Regular Research Articles
Distinct patterns of apolipoprotein C-I, C-II, and C-III isoforms are associated with markers of Alzheimer’s diseaseApolipoproteins C-I, C-II, and C-III interact with ApoE to regulate lipoprotein metabolism and contribute to Alzheimer's disease pathophysiology. In plasma, apoC-I and C-II exist as truncated isoforms, while apoC-III exhibits multiple glycoforms. This study aimed to 1) delineate apoC-I, C-II, and C-III isoform profiles in cerebrospinal fluid (CSF) and plasma in a cohort of nondemented older individuals (n = 61), and 2) examine the effect of APOE4 on these isoforms and their correlation with CSF Aβ42, a surrogate of brain amyloid accumulation.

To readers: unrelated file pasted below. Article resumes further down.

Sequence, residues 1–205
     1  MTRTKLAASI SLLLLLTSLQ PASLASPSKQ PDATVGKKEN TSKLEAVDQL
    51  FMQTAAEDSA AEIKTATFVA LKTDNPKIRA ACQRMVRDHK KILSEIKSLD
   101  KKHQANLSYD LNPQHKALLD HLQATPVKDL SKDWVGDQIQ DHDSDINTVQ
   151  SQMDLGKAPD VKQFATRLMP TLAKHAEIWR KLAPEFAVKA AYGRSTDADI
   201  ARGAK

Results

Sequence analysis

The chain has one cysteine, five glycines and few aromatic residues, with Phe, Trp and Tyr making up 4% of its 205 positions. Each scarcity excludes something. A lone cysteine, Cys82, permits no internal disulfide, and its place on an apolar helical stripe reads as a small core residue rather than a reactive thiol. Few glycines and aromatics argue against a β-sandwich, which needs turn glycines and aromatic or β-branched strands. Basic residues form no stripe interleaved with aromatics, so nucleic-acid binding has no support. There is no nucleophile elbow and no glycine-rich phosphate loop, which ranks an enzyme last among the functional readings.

Structure dynamics of ApoA-I amyloidogenic variants in small HDL increase their ability to mediate cholesterol effluxApolipoprotein A-I (ApoA-I) of high density lipoproteins (HDLs) is essential for the transportation of cholesterol between peripheral tissues and the liver. However, specific mutations in ApoA-I of HDLs are responsible for a late-onset systemic amyloidosis, the pathological accumulation of protein fibrils in tissues and organs. Carriers of these mutations do not exhibit increased cardiovascular disease risk despite displaying reduced levels of ApoA-I/HDL cholesterol. To explain this paradox, we show that the HDL particle profiles of patients carrying either L75P or L174S ApoA-I amyloidogenic variants show a higher relative abundance of the 8.4-nm versus 9.6-nm particles and that serum from patients, as well as reconstituted 8.4- and 9.6-nm HDL particles (rHDL), possess increased capacity to catalyze cholesterol efflux from macrophages.